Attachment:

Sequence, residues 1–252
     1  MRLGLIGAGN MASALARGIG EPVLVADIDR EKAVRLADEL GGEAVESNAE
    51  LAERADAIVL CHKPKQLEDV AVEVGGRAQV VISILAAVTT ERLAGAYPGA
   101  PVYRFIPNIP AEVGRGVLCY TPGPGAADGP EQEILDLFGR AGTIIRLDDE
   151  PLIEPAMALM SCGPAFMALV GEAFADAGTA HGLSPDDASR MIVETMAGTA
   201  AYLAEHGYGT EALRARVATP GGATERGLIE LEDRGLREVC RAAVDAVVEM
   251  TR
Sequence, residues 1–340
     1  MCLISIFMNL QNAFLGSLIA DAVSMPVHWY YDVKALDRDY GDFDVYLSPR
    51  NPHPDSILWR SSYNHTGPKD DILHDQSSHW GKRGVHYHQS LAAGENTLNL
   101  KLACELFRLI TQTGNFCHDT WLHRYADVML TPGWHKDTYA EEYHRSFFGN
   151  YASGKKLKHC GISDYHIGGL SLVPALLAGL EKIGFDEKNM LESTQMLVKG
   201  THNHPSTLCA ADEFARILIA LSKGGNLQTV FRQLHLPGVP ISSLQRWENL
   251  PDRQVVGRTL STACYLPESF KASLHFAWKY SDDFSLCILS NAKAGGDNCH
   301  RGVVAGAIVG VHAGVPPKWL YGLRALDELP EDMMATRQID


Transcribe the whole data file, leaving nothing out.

Sequence, residues 1–252
     1  MRLGLIGAGN MASALARGIG EPVLVADIDR EKAVRLADEL GGEAVESNAE
    51  LAERADAIVL CHKPKQLEDV AVEVGGRAQV VISILAAVTT ERLAGAYPGA
   101  PVYRFIPNIP AEVGRGVLCY TPGPGAADGP EQEILDLFGR AGTIIRLDDE
   151  PLIEPAMALM SCGPAFMALV GEAFADAGTA HGLSPDDASR MIVETMAGTA
   201  AYLAEHGYGT EALRARVATP GGATERGLIE LEDRGLREVC RAAVDAVVEM
   251  TR
Sequence, residues 1–340
     1  MCLISIFMNL QNAFLGSLIA DAVSMPVHWY YDVKALDRDY GDFDVYLSPR
    51  NPHPDSILWR SSYNHTGPKD DILHDQSSHW GKRGVHYHQS LAAGENTLNL
   101  KLACELFRLI TQTGNFCHDT WLHRYADVML TPGWHKDTYA EEYHRSFFGN
   151  YASGKKLKHC GISDYHIGGL SLVPALLAGL EKIGFDEKNM LESTQMLVKG
   201  THNHPSTLCA ADEFARILIA LSKGGNLQTV FRQLHLPGVP ISSLQRWENL
   251  PDRQVVGRTL STACYLPESF KASLHFAWKY SDDFSLCILS NAKAGGDNCH
   301  RGVVAGAIVG VHAGVPPKWL YGLRALDELP EDMMATRQID